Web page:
English in Britain
If you have visited the UK, perhaps you have experienced that many people speak with another accent than the one you have learned at school and they use words that do not belong in Standard English. Would you understand someone from Yorkshire if he said; “I’ll meet ye down’t pub. I’ve summat to tell ye.”? Or what does a Scotsman mean if he says; “I’m fair scunnert wi’ this awfu’ wither.”?
In the introduction, the person from Yorkshire said: I'll meet you at the pub. I've something to tell you. The Scotsman said: I'm really disgusted with this awful weather.hide
Most British people have a regional accent depending on where they grew up. The accent of English called RP (Received Pronunciation) or sometimes "BBC English" or the "Queen's English" is considered to be the most easily understood, and is the British accent most often used as a model for foreign learners of English. It is not a regional accent and is actually spoken by a very small number of people, but they tend to be at the top of the social scale.
Regional Accents and Dialects
There are many local accents and dialects. In the south-east, around London, many people speak with an accent close to RP, while Cockney is a dialect found in the East End of London. The “h” is often dropped in Cockney speech and they
use rhyming slang. Instead of stairs they would
say apples and pears, or dog and bone instead of telephone. Another accent from this area is Estuary English which has developed in recent years around the Thames estuary. It has features of Cockney and is considered by some people to be working class, but many think that it sounds friendlier than RP. Here is Bill Bryson form 'Journeys in English' with more English dialects.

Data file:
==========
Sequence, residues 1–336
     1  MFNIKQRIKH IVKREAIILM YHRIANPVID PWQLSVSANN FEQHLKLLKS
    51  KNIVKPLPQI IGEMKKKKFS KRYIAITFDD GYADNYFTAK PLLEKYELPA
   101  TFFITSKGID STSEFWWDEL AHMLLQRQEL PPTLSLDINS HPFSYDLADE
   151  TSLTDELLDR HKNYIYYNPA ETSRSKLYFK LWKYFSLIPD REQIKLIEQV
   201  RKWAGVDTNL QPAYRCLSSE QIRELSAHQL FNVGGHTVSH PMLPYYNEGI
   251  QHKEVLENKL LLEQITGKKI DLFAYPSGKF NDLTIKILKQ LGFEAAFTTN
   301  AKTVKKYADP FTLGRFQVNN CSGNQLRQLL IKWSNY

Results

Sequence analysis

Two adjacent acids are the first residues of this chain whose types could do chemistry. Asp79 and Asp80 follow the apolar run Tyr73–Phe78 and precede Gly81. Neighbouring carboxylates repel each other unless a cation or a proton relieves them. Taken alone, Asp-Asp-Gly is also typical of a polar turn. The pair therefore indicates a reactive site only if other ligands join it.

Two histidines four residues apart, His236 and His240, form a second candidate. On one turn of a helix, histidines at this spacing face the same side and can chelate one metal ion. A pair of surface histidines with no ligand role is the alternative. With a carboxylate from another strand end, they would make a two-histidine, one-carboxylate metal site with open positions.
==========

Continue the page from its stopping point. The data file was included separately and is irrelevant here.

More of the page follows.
You will find changes in accent and dialect as you move away from the south-east, with many local variations. Still regardless of geography, the higher up the social scale a person is, the less obvious is often their regional accent.
New Varieties of English
Ethnic minorities in Britain also have their characteristic accents and the music scene has some striking varieties of these, for example, West Indian reggae. Due to the influence of the ethnic minorities, new varieties of English have developed in the UK, such as, London Jamaican and Bradford Asian English. Many new terms have also come into Standard English, for example, bhangra, a mixture of traditional Punjabi music, reggae and hip-hop.
Smiley Culture is a British reggae singer who had a hit in the 1980s called “Cockney Translation”. This song is a Jamaican’s guide to the Cockney accent of London’s East End. It has been argued that this song led the way for a hybrid accent where white East Londoner’s adopted many terms of black origin. (Wikipedia)
- What is RP?
- What is Estuary English?
- Does an accent indicate anything about a person's social standing?
- How has immigration to the UK influenced the variety of accents there?
- Where is Bill Bryson speaking from in the audio?
- According to him, how do people feel about dialects in Britain?
- What are the advantages of dialects according to the two men Bryson interviews?
Working with Cockney
After listening, make a table with 3 columns, one column for the Jamaican English word, one for the Cockney word and one for the English translation. Find as many of the words as you can from the text and use one of the following Cockney/London dialect dictionaries to translate into Standard English. (The word “brum” in verse 3, you will find under “drum”)
Write a short reggae or rap using either the Cockney or the Jamaican English words and if you like, perform it for the class.
- How important is your local Norwegian dialect to you?
- Are older people fonder of their dialects than young people? If so why do you think this is the case?
- Which English accent/dialect is your favourite?
- ENGLISH – PROGRAMME SUBJECT IN PROGRAMMES FOR SPECIALIZATION IN GENERAL STUDIES
- English subject curriculum